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Merry Christmas

Merry Christmas and Best Wishes for the New Year!

What a year! I certainly don’t recall a year as volatile and wild as the one that 2008 provided us. Overall, I would have to characterize it as a great year. How can you not when you are alive to breathe in the wonderful air, enjoy your family and friends, experience the natural beauty of our surroundings and enjoy our freedom. While 2008 also provided its share of volatility and financial tragedies, it also had many success stories.

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Non-resident trust and foreign investment entity legislation: Update

By Paul R. LeBreux, LLB, LLM, TEP (friend of Moodys LLP and principal of Global Tax Law Professional Corporation)

It has been almost 10 years to the day that Canada’s then Minister of Finance proposed new tax measures aimed at overhauling the method for taxing “non-resident trusts” and “foreign investment entities”.  These new tax measures were said to be needed to combat what the government had long perceived as an abuse of the Canadian tax system.  Since the introduction of the controversial initiative, the implementation of the legislation has been delayed numerous times and the Draft Legislation has been released, each time with substantial amendments, no less than six times.  Although the Draft Legislation continues to have an effective date of January 1, 2007, it would seem that the likelihood of these proposals being proclaimed as law has significantly diminished.

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Thaw transactions

By Nicolas Baass, LL.B., LL.M. (Tax)

As a follow-up to our November 24, 2008 blog entry regarding tax planning during uncertain times, another tool that should be considered is the so-called estate “thaw” or “refreeze.” As discussed in the November 24, 2008 entry, a freeze is a powerful succession planning tool. It could possibly be made even more potent by refreezing in these uncertain times.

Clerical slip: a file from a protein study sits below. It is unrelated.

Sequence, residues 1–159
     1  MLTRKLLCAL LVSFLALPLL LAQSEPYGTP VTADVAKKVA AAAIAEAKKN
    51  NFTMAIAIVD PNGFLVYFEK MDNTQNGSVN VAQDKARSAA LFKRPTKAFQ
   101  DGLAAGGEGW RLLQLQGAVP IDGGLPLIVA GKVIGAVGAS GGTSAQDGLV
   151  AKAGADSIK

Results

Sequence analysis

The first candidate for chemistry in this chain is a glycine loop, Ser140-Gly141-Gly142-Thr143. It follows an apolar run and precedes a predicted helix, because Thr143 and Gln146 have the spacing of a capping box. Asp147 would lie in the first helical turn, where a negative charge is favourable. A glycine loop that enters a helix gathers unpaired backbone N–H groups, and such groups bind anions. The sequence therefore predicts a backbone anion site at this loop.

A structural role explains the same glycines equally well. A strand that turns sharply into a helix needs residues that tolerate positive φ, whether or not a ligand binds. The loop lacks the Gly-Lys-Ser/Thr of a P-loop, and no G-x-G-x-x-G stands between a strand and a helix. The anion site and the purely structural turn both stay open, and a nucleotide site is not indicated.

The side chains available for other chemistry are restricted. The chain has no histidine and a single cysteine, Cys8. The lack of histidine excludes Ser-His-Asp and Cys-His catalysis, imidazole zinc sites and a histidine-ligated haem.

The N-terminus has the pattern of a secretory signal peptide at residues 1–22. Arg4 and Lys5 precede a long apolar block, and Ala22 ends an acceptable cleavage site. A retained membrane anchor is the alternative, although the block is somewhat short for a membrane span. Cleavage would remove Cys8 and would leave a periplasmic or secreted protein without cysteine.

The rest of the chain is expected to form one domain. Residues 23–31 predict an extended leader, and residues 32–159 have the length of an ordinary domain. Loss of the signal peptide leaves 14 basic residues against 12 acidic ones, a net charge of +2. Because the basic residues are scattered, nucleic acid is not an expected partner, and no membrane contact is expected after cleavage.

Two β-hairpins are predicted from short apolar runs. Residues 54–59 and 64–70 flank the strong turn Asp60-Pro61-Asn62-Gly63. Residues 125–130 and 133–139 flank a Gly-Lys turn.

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Tax planning in uncertain times

Wow!  What a bizarre time we have been living through recently.  The stock markets have been extremely volatile.  Bank failures.  Large business failures.  The price of oil has come down by two-thirds.  Real estate values have declined.  What next?  If I only had the answer ….

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Charitable tax shelters

Well, ’tis the Season!  We are fast approaching December 31st, which is the end of the taxation year for all individuals and most trusts.  Accordingly, much last minute tax planning will occur in order to ensure effective tax management.  One of the most common tax planning techniques is to look at charitable donations (with gifts needing to be made on or prior to December 31, 2008 in order to be used as tax credits for individuals and most trusts for the 2008 taxation year).

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Subsection 256(9) – Timing problem with capital gains deduction